"There are no great men of God. There are only pitiful, sorry men whose God is great beyond measure." - Paul Washer [originally Jonathan Edwards]

This is good. I like the

This is good. I like the advise he gave. It could be useful in any creative art. I'll think about this for a long time, and hopefully, I'll use it. However it's hard not to put my own ideas into what I do, because, even if I just looked at something, I'd put a certain opinion in it.

Great use just the right words to put the right emotion in your work........again with the Audrey Hepburn thing, though.

"A wizard is never late, nor is he early; he arrives presicely when he means to." Gandalf

The Brit | Mon, 02/23/2009


Thanks, Anna, Clare Marie, Sarah (awesome name!!), and Ezra!

Brit: Thanks!! It's nice that you and Ezra thought of it as food for thought. I agree with you exactly, when you said, "However, it's hard not to put my own ideas into what I do, etc." And after I wrote this piece, I wrote something else that started like this:

"Are we to approach all art the same way? With a blank, empty mind? Perhaps that is humanly impossible. How can you forget collective experiences or your own worldview?
You can’t. But what is possible is resisting letting your own thoughts influence or change, say, a poem’s meaning."
You can instead be open and receptive to what the POET wants to communicate. I think that is what I was trying to get across in my piece... the ability to see the world correctly... to see clearly... Instead of barging in, and painting over reality with your own thoughts and ideas. "To have an attitude, in approaching a poem, of arranging the poet’s thoughts and ideas to fit the pre-existing thoughts and ideas in your own mind, is a subversive attitude to being a true student of literature." Or a student of anything else... the world, people, rosemary bushes, love. One of my teachers would say, "Truth is all around you. It's on the streets. It's everywhere. Look for it. Be open to it."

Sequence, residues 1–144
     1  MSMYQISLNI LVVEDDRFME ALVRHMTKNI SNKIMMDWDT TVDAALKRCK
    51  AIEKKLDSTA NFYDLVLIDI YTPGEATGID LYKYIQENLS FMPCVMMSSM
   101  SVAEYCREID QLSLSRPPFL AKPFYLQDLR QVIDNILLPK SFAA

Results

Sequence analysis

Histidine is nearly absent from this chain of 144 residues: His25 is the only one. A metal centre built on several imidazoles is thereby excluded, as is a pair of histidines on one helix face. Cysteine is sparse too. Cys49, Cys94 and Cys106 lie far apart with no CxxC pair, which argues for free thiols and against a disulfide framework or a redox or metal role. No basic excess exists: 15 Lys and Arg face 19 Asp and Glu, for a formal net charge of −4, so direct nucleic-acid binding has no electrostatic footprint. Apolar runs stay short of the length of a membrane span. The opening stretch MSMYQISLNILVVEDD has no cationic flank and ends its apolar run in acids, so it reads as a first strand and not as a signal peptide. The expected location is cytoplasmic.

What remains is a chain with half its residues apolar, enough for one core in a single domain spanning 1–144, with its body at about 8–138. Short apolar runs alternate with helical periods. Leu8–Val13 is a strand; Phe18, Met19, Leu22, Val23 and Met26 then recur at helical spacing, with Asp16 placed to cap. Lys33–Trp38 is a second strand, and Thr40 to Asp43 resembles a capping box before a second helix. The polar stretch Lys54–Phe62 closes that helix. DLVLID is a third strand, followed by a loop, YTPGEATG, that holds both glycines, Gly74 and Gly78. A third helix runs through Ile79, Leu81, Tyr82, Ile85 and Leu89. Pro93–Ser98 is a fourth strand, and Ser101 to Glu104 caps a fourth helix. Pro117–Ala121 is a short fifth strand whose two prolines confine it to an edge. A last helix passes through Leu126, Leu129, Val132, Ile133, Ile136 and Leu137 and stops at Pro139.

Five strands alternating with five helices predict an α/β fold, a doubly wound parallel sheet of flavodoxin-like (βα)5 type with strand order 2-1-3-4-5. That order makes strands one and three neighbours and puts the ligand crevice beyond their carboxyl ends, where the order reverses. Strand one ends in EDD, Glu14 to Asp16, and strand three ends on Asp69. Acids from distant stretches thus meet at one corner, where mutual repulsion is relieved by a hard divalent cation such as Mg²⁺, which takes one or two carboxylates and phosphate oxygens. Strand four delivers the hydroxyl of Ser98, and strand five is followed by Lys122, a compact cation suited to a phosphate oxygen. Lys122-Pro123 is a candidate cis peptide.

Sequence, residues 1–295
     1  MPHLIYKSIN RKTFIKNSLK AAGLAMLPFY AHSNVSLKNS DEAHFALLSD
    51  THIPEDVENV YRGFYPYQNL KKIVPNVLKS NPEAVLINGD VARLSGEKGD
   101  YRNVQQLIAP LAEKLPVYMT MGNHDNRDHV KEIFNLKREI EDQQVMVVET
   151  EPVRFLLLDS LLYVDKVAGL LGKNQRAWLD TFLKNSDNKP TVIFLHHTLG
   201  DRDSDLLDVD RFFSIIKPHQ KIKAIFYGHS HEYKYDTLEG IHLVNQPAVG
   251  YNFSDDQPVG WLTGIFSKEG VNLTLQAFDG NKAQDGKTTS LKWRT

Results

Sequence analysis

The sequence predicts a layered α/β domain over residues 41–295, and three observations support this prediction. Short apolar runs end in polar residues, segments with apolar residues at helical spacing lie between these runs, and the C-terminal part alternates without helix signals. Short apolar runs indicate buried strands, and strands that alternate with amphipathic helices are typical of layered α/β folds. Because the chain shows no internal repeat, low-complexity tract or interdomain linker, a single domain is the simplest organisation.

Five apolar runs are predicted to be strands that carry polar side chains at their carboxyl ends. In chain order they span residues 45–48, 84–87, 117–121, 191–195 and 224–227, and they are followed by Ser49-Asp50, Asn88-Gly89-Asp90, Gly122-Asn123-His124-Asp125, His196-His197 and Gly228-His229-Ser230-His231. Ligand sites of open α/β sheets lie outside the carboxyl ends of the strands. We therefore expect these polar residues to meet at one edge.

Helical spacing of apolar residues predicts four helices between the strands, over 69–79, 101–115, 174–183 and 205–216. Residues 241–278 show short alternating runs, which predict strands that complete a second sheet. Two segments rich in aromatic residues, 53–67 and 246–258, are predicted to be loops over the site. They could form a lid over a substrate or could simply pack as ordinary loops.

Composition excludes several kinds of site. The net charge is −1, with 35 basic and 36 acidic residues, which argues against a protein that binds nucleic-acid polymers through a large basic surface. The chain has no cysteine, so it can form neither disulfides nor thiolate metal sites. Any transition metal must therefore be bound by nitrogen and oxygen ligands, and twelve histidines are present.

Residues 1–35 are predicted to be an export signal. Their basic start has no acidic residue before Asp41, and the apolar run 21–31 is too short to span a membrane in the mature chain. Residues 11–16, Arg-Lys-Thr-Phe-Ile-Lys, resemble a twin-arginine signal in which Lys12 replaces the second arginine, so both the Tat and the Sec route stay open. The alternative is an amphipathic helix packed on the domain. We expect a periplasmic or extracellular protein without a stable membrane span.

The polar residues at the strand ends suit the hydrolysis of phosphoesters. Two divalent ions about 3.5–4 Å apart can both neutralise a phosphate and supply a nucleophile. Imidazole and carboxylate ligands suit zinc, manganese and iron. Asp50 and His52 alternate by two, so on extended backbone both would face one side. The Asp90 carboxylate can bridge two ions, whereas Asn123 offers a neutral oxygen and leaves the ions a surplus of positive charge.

Audrey Hepburn... hahahaha... you are so British.

It’s really cool that you said it could be used in other forms of creative thought, too.

Sarah Bethany | Mon, 03/02/2009

My grandma is an artist, and

My grandma is an artist, and many times as we're looking at a pretty nature scene, she'll say, "Look at the purple in those turning trees" or "See the yellow tone in the grass?" I'll look and finally see it.
I liked this piece because it reminded me of how I, in order to describe the world accurately, need to see new colors in places I'd never bothered to find them before. Like my grandma. As Brit said, it can be used in all sorts of creative thought.
Very good, Sarah! Your writing is very vivid and put the scenes in my head!
And now our hearts will beat in time/You say I am yours and you are mine...
Michelle Tumes, "There Goes My Love"

Heather | Mon, 03/02/2009

And now our hearts will beat in time/You say I am yours and you are mine...
Michelle Tumes, "There Goes My Love"

what you just said -

THAT IS AWESOME!!! About your grandma, and the "see new colors"! I have to remember that, too! Even in life, you know? Wow.

Sarah Bethany | Tue, 03/03/2009